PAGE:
Man or Myth? : Ouro Preto, Brazil, January, 2007.

Ouro Preto, Brazil's city named for black gold , could hold its own with Italian hill towns that ripened over centuries. Steep cobblestone streets lead from one church to the next. Paintings of saints look down from the ceilings, giving the impression of watching the congregation.

Yet, Ouro Preto sprang up over some heady decades of a gold rush. Portuguese craftsmen, African slaves and children born from the two groups pretty much whipped up this city's treasures out of what had been far less settled land.

These workers brought improbably ornate Baroque churches to the New World, and filled with ornate carvings. While their style may be a little heavy on cherubs for my taste, their carvings and paintings are beautiful enough to give Ouro Preto another kind of gold rush.
Tourists fill its streets. Shops sell little wood carvings, paintings and jewelry. Many basements have been turned into restaurants and music clubs. A sign on the main street pointed the way to yoga classes down a little alley.

"So much rain," the host at our Ouro Preto hotel said in greeting when we checked in. We'd arrived in the earliest hour of the day's gray light, not much after 6 a.m. on the first of the overnight buses we would take in Brazil. Our $30-something room had a balcony with a view of the town, at first of little use to us. The porch at first gave mostly a view of rain. After we slept for about three hours, I woke to taunting bits of palest gray-blue poking through clouds. I woke David so he could see the clearest sky in days. We had a quick breakfast with good Brazilian coffee on the porch and headed out.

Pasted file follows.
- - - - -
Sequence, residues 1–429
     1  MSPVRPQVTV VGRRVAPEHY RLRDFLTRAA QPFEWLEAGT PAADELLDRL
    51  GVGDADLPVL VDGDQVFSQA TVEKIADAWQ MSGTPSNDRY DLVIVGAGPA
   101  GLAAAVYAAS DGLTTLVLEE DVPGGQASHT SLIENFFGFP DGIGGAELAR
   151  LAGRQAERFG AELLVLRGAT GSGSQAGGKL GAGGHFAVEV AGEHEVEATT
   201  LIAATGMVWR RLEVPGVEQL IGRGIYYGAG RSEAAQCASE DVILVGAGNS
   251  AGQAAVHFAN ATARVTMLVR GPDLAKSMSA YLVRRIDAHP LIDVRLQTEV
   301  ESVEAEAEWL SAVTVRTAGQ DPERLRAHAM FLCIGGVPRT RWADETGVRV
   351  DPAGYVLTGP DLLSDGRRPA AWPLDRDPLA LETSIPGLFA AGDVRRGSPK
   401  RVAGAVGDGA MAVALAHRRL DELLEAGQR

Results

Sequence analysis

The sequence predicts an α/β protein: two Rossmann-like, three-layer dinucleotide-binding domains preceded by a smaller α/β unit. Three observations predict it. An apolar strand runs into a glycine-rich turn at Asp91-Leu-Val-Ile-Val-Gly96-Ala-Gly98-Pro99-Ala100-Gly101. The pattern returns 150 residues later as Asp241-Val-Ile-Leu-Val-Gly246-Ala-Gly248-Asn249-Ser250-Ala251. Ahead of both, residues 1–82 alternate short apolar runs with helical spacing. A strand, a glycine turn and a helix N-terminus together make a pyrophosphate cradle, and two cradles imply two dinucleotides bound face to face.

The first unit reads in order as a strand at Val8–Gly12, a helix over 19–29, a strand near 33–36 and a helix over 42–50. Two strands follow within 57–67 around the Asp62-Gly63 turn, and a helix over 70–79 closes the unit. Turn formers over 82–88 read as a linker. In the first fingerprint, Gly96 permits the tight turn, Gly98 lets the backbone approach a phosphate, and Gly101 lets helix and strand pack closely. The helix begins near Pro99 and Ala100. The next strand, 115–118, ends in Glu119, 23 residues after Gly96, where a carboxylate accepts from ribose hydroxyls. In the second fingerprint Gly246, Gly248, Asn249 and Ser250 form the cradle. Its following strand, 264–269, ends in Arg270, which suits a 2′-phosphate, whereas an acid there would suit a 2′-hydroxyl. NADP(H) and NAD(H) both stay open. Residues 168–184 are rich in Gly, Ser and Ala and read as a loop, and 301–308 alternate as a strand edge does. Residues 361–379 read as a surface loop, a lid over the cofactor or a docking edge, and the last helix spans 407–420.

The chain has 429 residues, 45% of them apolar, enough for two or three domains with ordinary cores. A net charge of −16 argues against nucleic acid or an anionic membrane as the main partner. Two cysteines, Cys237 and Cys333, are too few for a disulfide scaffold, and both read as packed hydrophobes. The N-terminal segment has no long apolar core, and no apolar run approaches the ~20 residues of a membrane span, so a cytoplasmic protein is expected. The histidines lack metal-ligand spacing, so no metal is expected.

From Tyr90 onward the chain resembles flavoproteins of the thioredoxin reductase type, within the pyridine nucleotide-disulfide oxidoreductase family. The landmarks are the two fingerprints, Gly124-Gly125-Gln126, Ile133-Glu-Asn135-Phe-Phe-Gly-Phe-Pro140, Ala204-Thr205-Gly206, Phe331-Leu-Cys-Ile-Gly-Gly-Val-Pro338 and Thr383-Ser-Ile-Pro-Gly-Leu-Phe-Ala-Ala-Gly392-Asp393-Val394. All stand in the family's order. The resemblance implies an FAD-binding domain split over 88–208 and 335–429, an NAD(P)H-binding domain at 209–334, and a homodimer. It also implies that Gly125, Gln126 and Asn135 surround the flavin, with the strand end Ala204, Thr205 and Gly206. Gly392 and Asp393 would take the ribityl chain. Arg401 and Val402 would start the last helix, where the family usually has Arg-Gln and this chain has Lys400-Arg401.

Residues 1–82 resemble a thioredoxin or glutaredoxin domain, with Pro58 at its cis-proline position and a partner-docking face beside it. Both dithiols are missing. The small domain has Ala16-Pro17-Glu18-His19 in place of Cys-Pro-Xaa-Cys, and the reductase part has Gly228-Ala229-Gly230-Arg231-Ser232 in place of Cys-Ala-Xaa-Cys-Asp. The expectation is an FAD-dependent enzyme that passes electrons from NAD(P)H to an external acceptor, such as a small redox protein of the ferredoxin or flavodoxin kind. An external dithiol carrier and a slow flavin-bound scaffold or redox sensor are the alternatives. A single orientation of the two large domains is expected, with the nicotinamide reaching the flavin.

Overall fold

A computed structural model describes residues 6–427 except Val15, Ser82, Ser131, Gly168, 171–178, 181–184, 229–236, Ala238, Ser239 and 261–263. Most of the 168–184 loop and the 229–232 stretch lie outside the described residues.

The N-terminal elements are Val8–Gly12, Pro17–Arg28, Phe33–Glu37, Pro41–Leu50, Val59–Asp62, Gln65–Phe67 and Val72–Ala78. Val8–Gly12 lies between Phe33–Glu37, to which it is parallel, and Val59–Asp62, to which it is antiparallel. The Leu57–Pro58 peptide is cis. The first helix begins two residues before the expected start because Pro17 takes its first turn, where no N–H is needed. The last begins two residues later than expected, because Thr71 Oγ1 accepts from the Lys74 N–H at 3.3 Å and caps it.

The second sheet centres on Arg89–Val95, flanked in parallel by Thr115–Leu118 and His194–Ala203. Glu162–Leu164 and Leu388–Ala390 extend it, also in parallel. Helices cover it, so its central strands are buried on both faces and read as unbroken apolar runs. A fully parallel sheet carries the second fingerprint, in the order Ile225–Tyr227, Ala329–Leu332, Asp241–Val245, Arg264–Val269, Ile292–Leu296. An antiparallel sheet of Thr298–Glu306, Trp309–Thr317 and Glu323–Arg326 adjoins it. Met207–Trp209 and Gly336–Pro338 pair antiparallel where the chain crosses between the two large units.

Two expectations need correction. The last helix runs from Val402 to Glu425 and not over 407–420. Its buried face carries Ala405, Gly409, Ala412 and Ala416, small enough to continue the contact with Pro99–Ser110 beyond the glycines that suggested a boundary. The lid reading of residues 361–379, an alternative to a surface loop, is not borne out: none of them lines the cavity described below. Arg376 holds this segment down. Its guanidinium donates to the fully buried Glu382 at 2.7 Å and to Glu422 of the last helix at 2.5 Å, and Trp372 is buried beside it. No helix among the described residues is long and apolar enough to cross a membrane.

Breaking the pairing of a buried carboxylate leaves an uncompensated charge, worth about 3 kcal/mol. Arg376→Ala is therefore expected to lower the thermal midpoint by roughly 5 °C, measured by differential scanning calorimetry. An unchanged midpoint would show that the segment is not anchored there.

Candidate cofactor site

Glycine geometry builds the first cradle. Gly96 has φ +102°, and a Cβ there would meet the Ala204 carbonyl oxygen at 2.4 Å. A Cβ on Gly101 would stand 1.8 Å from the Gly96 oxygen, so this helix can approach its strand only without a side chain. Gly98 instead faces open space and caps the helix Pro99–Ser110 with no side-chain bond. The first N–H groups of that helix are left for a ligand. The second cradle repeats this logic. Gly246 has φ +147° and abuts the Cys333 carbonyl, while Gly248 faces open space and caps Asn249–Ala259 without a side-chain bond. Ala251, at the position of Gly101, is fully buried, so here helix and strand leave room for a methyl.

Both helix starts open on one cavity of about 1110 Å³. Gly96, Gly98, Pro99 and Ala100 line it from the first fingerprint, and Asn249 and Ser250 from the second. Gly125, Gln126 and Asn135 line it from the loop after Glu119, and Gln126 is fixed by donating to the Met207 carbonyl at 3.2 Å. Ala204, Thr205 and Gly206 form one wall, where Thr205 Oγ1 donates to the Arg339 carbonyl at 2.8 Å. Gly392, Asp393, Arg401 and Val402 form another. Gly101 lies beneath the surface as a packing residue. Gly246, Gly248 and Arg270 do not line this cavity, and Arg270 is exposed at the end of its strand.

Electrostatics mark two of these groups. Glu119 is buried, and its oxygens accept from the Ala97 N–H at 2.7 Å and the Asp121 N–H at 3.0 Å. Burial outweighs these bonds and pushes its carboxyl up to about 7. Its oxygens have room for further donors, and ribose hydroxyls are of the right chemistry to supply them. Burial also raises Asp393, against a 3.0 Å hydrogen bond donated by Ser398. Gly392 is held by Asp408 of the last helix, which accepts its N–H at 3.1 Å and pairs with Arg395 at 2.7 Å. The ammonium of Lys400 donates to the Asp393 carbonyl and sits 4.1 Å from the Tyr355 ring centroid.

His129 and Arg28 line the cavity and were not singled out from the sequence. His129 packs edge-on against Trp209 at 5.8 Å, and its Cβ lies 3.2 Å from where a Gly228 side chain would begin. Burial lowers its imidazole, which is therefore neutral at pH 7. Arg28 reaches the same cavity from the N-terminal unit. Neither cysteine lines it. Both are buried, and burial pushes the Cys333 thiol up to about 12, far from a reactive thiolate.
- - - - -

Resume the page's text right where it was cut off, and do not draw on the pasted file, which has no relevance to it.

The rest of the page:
Rain in Rio had kept us from the beach. In Ouro Preto, dreary weather at least kept us cool as we walked up and down, up and down, up and down the cobblestone streets.
January seems a poor time to visit, although perhaps it thins the crowds visiting the churches. Never a bad thing to get some quiet moments alone in churches like the one shown here.

Sculptor With No Hands

Much of the best work from Ouro Preto is attributed to Aleijadinho, or Antonio Francisco Lisboa, the son of a Portuguese craftsman and African slave. The legend, perhaps true, is that Aleijadinho kept working after losing use of his hands to disease. He strapped a chisel to his arms to keep making saints and prophets.

There is debate about whether Aleijadinho existed. Researchers have questioned whether the regime of Brazil's 20th century dictator Getulio Vargas invented Aleijadinho, or at least expanded on a little known historical figure. Vargas needed a prototypical Brazilian after gaining power in the 193Os, and chose a person of mixed ancestry who overcame a handicap with creativity, according to theories of researcher Dalton Sala as reported in articles on the Internet.
It raises an interesting question. Vargas squelched the free press and punished dissidents during a political reign that ended in the 1950s. He shot himself to death when about to be pushed from power. Still, his regime may have chosen to glorify an artist with handicaps, a man with a history mixed like Brazil's own, when you think of what was going on in other countries at the time.

To the left is a banner about a show of Aleijadinho's work in Sao Paulo in 2007. Below are some copies of Aleijadinho statues that we saw later in a museum in Sao Paulo.

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